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Brad E. Schlossman / Forum News Service , Published March 27 2013

Parity reigns in men's college hockey this season

GRAND FORKS – Minnesota, St. Cloud State, Miami, Quinnipiac and Niagara all won regular-season conference titles this season.

None of them even made their league’s playoff championship game.

That’s what kind of year it has been in college hockey.

Perhaps this year, more than any other, the national championship is up for grabs. When the NCAA tournament begins this weekend in Grand Rapids, Mich.; Toledo, Ohio; Providence, R.I.; and Manchester, N.H., it’s nearly impossible to pick out the favorites.

Wisconsin, which has lost just five times in the last 30 games, is a No. 4 seed. So is St. Cloud State, which won the MacNaughton Cup as the Western Collegiate Hockey Association champion.

Notre Dame was on the tournament bubble Saturday, facing a real possibility of missing the NCAAs. Yet the Irish, who went 1-6 in January, ended up as a No. 1 seed.

The most dominant teams in the nation this season have been Quinnipiac and Minnesota, the top two overall seeds in the NCAAs.

Yet the Bobcats lost to American International, and the only conference sweeps Minnesota managed this season came against the two worst teams in the WCHA.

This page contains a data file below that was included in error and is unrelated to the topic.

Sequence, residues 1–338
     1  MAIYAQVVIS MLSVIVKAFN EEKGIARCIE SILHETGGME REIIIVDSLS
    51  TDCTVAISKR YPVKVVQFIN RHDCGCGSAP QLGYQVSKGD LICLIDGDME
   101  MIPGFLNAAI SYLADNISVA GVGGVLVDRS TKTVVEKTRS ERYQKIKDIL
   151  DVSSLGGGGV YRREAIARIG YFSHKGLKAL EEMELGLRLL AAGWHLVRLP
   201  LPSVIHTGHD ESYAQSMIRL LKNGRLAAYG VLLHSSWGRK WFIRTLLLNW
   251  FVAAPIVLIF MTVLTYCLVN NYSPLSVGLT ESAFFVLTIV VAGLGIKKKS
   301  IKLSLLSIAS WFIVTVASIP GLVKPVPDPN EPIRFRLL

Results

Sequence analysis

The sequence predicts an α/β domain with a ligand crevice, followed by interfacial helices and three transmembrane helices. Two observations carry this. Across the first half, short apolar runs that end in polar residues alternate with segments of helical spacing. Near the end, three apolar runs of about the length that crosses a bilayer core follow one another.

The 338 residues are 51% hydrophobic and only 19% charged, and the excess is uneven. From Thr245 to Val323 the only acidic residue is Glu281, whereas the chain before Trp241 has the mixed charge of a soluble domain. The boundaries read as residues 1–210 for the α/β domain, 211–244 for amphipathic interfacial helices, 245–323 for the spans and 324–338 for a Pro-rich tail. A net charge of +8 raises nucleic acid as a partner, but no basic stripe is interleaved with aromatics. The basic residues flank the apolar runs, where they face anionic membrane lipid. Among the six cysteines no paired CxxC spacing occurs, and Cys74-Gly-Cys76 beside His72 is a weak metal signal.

“I think just about anybody in the field this year could win it,” Gophers coach Don Lucia told the Minnesota Daily. “College hockey has been kind of all over the map this year.”

The postseason tournaments showed that.

The top two seeds in the WCHA tournament both got knocked out in their first games at the Final Five. The winner of the tournament was Wisconsin, which needed the automatic bid in order to reach the NCAA tournament.

It was the first time in at least 20 years that the Final Five champion was a team that needed the auto bid in order to make the NCAAs.

Atlantic Hockey and the Eastern Collegiate Athletic Conference also had upset winners, while Michigan and Boston University nearly turned the Central Collegiate Hockey Association and Hockey East upside down.

As it stands, there are as many Atlantic Hockey teams in the tournament as CCHA teams. There are as many from the ECAC as Hockey East.

And half of the WCHA will vie for a spot in Pittsburgh and the Frozen Four.


Schlossman writes for the Grand Forks Herald